I’m not a zen person.
I’m what you might call entertainingly high strung.
I take many deep breaths throughout the day because I find myself…agitated.
This agitation is what initially led me to yoga.
First to Hatha yoga, which I enjoyed but only when Karen taught. Karen taught once every other week.
Then I tried Rodney Yee yoga but between trying to inhale and exhale alongside him, I got light headed.
Finally, I tried Yin yoga and discovered my soulmate workout.
Unlike other styles of yoga, yin is all about longer, slower poses (you hold a pose for anywhere from 3-5 minutes).
I mistakenly thought this would be easier than breathing with Rodney.
When you hold a pose for longer than you’re used to, it’s natural to become fidgety.
I fiddled with the waistband on my yoga pants, the underwire of my sports bra and one time, I had to pull a wedgie out of my butt.
At about my third class, the instructor said this “don’t become distracted by your clothes or the person next to you, breathe into your discomfort.”
Breathe into your discomfort…
Four little words that carry as much meaning on the mat as they do growing a business from my laptop.
You can’t trip over an inspirational quote or caption in social media without someone touting all the ways money likes speed or how good is better than great.
It’s like you won’t succeed as an entrepreneur unless you’re moving at the speed of light or hustling until your ears bleed.
I’m no stranger to the hustle and grind. In fact, it’s the excessive need to push out more, create more, doing what I do ugly, that created my agitation and sent me to the mat.
On the one hand, I created over-created, over-promoted and over-did it on so many fronts... It’s time I’ll never get back and lost opportunities I can only hope circle back my way.
On the other hand, I’m grateful because my overdoing led me to discover a way to decompress my body and mind.
A way to keep myself centered when the world is telling me who I should be, how I should be and what I should make.
Yoga taught me options.
I can either transition my body into and out of poses, with very little time in between each, alongside other sweaty mat mates.
In my business, that looks like throwing offers together without a lot of thought or research and packaging them as the world’s best fill-in-the-blank.
I can go for the slower, longer game where it seems to the outside world like I’m making little effort and progress when in fact, I’m breathing into the discomfort as I stretch and expand into new ways of thinking, creating and doing in service of my mission and people.
It’s not always easy to go against the grain.
But you’ve got to ask yourself this…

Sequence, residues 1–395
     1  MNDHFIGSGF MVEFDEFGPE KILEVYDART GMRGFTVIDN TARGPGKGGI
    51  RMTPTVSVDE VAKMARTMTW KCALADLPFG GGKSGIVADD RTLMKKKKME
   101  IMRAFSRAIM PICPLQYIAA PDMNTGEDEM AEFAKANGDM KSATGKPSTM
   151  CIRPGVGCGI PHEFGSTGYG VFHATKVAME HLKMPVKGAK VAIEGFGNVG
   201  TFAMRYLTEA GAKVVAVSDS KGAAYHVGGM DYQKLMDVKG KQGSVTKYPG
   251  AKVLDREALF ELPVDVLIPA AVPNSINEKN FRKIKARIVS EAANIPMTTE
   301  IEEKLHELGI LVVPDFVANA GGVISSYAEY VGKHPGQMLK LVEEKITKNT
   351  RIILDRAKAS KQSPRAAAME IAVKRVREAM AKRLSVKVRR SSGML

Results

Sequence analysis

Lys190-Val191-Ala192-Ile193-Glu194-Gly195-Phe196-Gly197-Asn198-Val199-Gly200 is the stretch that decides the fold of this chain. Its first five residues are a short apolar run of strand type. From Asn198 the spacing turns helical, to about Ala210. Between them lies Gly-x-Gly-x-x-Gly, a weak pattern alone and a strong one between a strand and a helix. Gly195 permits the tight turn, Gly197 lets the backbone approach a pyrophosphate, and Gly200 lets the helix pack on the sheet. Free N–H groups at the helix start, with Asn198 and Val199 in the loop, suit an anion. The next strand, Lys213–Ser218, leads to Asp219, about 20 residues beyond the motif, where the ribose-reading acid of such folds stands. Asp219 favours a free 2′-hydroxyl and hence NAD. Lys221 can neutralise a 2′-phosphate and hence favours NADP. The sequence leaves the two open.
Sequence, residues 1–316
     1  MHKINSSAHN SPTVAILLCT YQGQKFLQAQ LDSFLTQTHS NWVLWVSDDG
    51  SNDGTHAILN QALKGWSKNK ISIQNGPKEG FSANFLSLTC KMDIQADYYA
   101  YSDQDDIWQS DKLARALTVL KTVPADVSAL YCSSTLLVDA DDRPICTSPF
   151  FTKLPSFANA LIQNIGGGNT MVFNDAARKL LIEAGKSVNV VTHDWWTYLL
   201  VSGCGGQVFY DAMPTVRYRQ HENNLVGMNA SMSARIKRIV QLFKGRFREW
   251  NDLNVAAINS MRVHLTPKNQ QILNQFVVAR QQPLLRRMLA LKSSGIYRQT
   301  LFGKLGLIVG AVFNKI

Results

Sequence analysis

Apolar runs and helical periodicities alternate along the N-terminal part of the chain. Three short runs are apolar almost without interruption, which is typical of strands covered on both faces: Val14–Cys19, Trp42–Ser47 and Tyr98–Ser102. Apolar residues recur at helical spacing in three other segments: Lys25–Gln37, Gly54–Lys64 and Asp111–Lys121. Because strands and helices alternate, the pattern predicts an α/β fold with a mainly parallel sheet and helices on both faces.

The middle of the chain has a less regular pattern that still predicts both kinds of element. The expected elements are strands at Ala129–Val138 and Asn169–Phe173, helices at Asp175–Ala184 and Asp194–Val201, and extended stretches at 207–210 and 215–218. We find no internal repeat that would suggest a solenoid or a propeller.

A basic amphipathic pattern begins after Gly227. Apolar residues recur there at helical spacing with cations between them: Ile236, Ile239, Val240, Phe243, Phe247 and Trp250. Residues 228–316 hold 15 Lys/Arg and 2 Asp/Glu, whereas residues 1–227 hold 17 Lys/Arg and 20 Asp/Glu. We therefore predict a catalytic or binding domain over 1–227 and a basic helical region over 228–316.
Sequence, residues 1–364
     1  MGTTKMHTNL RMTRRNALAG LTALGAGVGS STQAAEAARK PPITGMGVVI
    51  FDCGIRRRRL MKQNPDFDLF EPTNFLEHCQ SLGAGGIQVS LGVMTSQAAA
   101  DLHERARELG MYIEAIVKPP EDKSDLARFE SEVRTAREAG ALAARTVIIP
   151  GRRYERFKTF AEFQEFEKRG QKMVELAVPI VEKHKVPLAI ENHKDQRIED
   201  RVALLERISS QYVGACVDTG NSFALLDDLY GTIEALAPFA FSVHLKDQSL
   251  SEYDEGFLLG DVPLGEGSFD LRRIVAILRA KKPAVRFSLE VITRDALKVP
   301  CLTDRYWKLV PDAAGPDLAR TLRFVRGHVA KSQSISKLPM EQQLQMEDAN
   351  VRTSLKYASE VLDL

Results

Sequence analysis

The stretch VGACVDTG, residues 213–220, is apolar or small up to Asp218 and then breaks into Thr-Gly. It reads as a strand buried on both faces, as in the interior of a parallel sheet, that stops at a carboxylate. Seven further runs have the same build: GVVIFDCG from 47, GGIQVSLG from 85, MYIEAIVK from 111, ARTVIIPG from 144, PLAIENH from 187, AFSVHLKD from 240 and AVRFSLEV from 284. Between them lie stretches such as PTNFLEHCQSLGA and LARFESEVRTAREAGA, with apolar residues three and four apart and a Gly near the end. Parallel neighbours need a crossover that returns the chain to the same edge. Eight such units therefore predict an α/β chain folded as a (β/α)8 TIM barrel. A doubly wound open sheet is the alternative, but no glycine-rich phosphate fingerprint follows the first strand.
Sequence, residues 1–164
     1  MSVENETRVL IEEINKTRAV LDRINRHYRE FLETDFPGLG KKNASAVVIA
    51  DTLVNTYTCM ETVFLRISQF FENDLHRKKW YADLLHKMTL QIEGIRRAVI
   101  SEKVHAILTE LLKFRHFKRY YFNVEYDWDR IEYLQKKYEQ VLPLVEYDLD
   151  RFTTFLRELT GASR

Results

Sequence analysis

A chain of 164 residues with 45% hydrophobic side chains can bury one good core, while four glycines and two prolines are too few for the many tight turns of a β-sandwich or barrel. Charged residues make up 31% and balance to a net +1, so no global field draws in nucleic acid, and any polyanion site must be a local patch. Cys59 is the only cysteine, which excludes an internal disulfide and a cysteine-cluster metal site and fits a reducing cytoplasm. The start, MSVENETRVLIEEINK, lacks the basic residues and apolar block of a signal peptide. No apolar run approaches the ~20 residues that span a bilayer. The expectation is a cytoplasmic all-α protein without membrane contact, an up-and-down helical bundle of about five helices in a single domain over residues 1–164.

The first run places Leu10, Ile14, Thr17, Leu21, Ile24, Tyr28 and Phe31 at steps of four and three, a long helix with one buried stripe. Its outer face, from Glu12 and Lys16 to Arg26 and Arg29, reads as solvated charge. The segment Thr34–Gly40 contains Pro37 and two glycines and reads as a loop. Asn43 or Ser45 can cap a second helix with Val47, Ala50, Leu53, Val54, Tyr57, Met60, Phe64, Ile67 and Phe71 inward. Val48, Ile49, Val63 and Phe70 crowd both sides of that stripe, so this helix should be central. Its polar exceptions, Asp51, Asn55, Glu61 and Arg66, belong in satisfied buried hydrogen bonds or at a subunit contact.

If most courses are only mildly well designed.
If most coaches are mostly hype over substance.
If most businesses say they care but won’t reply to an email or DM, maybe the speedy route isn’t all it’s cracked up to be?
Today, I run my business like a session on the mat because in order to succeed from one year to the next, we need to treat our tiny businesses like a practice.
A practice of listening, understanding and synthesizing.
Listening because the noise level is super sonic. If you’re out of range, you won’t hear what your people need and you’ll have a tougher time making decisions that are best for you.
Understanding because if you don’t listen, you’ll forever ride the copy-cat merry-go-round, follow the wrong advice and make choices with no foundation to back them up.
Synthesizing because just as each twist and pose, in yoga, creates a sense of whole-being on the inside, combining your perspective, your values and your voice with what your people need and want creates a whole lotta’ appreciation, significance and recognition on the outside.
In the end, you’ve got to make the decision that’s best for you.
Take the train that’s set up to help you succeed for the long-haul versus a shuttle that abandons you midway to your final destination on some dusty, random road leaving you with no choice but to hitch a ride…and hope the driver isn’t an axe murderer.
If we were lounging side-by-side at the Catskills, we’d bond over fruity drinks with pink umbrellas and then exchange emails on the back of a ring stained coaster. (HOW FAB IS THAT?!)
THE BAD NEWS? We’re all out of coasters. The good news? We can still become email pen-pals. Yay! My email is email@example.com. What’s yours?
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